By Ruth Bell Graham   •   September 30, 2005   •   Topics:

Bedouin is the Aramaic term for “desert dwellers.” They live in the Middle East, governing themselves through traditions and customs passed down from the time of Abraham.

The young Bedouin saw his friend lying dead in the sand. Knowing his people’s ancient, inflexible custom of swift justice, he fled and ran across the desert under cover of darkness. Finally he came to the sprawling black tent of the tribal chief.

Confessing his crime, he asked for protection and, according to Old Testament law, was granted asylum.

The old chief put his hand on one of the ropes of the great tent, swore before God and took the young man under his protection–until the affair could be settled legally.

The next day, the young man’s pursuers arrived, demanding that the murderer be turned over to them.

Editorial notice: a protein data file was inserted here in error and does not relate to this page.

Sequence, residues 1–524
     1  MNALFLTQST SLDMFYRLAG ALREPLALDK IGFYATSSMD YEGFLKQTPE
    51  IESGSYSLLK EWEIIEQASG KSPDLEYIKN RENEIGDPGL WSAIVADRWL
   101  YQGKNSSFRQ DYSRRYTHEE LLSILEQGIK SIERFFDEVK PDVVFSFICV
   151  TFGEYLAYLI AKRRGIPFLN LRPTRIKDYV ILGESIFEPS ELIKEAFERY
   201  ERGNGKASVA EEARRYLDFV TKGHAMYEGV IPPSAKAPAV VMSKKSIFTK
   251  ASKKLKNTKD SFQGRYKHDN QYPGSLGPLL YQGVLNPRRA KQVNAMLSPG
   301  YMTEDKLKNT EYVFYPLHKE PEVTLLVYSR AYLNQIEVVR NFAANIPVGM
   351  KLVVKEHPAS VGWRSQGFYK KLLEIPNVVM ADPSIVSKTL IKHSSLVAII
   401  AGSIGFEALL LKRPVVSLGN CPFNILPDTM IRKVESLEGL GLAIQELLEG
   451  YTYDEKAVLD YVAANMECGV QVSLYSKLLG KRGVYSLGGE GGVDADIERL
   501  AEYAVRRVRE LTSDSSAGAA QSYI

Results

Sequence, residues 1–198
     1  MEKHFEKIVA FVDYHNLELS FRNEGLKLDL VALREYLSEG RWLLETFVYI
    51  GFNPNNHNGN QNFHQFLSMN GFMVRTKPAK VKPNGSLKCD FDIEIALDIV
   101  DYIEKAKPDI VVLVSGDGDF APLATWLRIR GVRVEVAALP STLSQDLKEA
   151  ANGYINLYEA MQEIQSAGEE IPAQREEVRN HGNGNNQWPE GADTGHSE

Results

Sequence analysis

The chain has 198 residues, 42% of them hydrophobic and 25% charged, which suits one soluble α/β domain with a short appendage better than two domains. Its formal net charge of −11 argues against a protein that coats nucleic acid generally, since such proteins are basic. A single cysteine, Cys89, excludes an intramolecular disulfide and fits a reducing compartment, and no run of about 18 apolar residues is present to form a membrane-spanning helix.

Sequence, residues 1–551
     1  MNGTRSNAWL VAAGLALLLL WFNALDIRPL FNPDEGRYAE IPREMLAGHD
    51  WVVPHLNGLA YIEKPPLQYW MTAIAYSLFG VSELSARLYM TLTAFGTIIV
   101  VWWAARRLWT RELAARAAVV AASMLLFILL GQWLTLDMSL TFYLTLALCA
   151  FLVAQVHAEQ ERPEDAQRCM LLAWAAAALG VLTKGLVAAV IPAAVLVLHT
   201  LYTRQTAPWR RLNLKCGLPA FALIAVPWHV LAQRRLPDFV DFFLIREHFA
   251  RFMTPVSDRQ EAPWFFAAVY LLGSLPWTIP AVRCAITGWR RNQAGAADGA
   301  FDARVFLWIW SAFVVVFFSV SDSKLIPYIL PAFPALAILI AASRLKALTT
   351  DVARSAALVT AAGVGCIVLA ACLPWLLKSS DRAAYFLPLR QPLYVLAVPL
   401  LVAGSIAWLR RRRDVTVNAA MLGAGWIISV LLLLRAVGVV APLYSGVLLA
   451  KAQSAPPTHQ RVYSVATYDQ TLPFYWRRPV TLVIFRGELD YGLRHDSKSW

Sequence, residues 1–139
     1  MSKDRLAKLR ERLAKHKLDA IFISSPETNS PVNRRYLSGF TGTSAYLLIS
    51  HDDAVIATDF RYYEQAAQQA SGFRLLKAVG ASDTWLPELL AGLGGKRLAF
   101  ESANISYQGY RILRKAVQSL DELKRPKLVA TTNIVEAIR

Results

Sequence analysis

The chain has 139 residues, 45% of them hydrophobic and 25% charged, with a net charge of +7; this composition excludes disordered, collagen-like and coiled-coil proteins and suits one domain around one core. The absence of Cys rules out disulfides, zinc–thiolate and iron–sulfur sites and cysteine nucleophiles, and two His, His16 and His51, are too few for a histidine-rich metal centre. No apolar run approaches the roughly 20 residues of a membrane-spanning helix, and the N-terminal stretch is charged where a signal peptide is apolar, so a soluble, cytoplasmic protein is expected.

“I have given my word,” the old chieftain said.

“But you don’t know who he killed!” they answered.

“I have given my word.”

“He killed your son!”

The chief was shaken. He stood, head bowed, for quite some time. The accused and the accusers looked on breathlessly.

Finally the old man raised his head. He stood upright.

“Then he shall become my son,” he said, “and everything I have will one day be his.”

So it was with us. Our sins sent God’s own Son to the cross. But God in His mercy welcomes us into His family–now and forever.